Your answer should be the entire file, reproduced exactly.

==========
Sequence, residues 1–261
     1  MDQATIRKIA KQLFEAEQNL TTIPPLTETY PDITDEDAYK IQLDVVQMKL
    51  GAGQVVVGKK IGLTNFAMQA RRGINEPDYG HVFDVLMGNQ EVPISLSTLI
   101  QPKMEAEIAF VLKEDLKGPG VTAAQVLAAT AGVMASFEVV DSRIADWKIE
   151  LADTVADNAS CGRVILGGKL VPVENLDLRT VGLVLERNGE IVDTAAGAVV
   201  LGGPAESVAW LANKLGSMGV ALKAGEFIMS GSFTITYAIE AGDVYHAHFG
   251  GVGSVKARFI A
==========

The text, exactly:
Sequence, residues 1–261
     1  MDQATIRKIA KQLFEAEQNL TTIPPLTETY PDITDEDAYK IQLDVVQMKL
    51  GAGQVVVGKK IGLTNFAMQA RRGINEPDYG HVFDVLMGNQ EVPISLSTLI
   101  QPKMEAEIAF VLKEDLKGPG VTAAQVLAAT AGVMASFEVV DSRIADWKIE
   151  LADTVADNAS CGRVILGGKL VPVENLDLRT VGLVLERNGE IVDTAAGAVV
   201  LGGPAESVAW LANKLGSMGV ALKAGEFIMS GSFTITYAIE AGDVYHAHFG
   251  GVGSVKARFI A